Perfect for ages 7-10
In Charles River Editors’ History for Kids series, your children can learn about history’s most important people and events in an easy, entertaining, and educational way. Pictures help bring the story to life, and the concise but comprehensive book will keep your kid’s attention all the way to the end.
The most famous debates in American history were held over 150 years ago, and despite their fame, no official transcripts were ever taken. Throughout the Fall of 1858, U.S. Senate candidates Abraham Lincoln and Stephen Douglas participated in seven three-hour debates throughout Illinois. This unprecedented method of campaigning drew national attention, one that is still often idealized even today among those who feel politics is too bitterly partisan.
The main theme of the debates was the topic being discussed across the nation: slavery. When Congress created the territories of Kansas and Nebraska in 1854, it allowed the citizens of those territories to vote whether the new states would be free states or slave states. This idea of allowing the citizens to vote was known as “popular sovereignty”, and it was championed by the “Little Giant”, Stephen Douglas. Casting himself as a moderate, Douglas believed popular sovereignty would not divide the nation, and thinking further ahead he believed slavery could not thrive in the Western territories because the land there was inhospitable to slave labor anyway.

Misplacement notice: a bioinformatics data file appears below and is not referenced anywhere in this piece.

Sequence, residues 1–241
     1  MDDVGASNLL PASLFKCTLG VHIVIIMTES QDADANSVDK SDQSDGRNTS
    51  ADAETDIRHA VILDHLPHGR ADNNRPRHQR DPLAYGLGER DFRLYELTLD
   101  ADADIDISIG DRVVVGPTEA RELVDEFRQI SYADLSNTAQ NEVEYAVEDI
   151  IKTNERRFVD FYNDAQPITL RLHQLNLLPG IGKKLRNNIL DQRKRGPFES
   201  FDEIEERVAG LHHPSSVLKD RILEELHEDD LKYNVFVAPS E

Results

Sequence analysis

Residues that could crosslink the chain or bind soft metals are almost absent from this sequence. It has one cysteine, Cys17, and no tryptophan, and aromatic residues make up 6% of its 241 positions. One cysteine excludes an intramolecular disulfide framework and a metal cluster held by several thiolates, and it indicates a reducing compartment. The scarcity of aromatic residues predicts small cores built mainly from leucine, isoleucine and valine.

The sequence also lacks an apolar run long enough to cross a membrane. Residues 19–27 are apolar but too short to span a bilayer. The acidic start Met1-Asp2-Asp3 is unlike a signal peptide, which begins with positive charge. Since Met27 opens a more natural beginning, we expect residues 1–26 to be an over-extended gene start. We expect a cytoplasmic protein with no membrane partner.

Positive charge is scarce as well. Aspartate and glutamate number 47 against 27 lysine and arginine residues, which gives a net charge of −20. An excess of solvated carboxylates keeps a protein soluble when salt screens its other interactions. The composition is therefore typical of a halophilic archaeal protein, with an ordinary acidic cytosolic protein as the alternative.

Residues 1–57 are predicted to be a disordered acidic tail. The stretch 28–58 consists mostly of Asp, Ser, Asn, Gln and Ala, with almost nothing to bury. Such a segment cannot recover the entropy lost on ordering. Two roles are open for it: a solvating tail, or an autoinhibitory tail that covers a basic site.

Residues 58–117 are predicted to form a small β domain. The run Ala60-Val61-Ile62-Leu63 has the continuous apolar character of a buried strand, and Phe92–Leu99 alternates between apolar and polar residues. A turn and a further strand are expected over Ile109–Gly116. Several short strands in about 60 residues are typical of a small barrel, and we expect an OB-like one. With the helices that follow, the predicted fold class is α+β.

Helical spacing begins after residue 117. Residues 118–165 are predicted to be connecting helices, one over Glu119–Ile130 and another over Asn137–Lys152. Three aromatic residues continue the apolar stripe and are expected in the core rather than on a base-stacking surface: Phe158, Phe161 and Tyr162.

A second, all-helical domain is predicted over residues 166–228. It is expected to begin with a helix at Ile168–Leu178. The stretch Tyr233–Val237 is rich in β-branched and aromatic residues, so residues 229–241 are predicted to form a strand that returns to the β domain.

However, while Douglas viewed popular sovereignty as a more democratic means to solve problems, the North considered popular sovereignty a deliberate attempt to circumvent the Missouri Compromise, which was supposed to have banned slavery in any state above the parallel 36°30′ north. While Lincoln recognized the right of states to maintain slavery where it already existed, he strongly opposed the expansion of slavery and argued forcefully against popular sovereignty, which he thought threatened to expand slavery across the entire nation.
Douglas looked to blunt Lincoln’s arguments during the debates by casting him as a radical “Black Republican”, accusing him of advocating for the social and legal equality of the races. Though he opposed slavery on moral grounds, Douglas also wanted to deny citizenship to all African-Americans, which the Supreme Court had ruled in the Dred Scott case. In his rebuttal, Lincoln offered one of his most quotable moments: “I protest against the counterfeit logic which concludes that, because I do not want a black woman for a slave, I must necessarily want her for a wife. I need not have her for either, I can just leave her alone.” History for Kids: The Lincoln-Douglas Debates chronicles the two candidates’ famous debates, explaining the historical events that preceded the debates, the chronology and arguments of the debates, quotes from the candidates themselves, and the aftermath and legacy of the debates. Along with pictures of important people, places, and events, your kids will learn about the Lincoln-Douglas Debates like never before.
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